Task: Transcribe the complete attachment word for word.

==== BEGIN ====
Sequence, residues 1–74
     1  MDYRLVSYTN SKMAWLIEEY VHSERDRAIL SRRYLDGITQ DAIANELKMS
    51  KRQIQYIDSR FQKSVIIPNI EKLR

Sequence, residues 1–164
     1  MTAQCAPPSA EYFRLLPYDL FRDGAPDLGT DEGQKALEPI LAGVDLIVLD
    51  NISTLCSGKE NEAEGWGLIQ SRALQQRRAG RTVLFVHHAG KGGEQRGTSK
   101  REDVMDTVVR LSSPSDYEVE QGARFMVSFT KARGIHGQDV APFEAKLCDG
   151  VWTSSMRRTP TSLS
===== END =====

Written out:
Sequence, residues 1–74
     1  MDYRLVSYTN SKMAWLIEEY VHSERDRAIL SRRYLDGITQ DAIANELKMS
    51  KRQIQYIDSR FQKSVIIPNI EKLR

Sequence, residues 1–164
     1  MTAQCAPPSA EYFRLLPYDL FRDGAPDLGT DEGQKALEPI LAGVDLIVLD
    51  NISTLCSGKE NEAEGWGLIQ SRALQQRRAG RTVLFVHHAG KGGEQRGTSK
   101  REDVMDTVVR LSSPSDYEVE QGARFMVSFT KARGIHGQDV APFEAKLCDG
   151  VWTSSMRRTP TSLS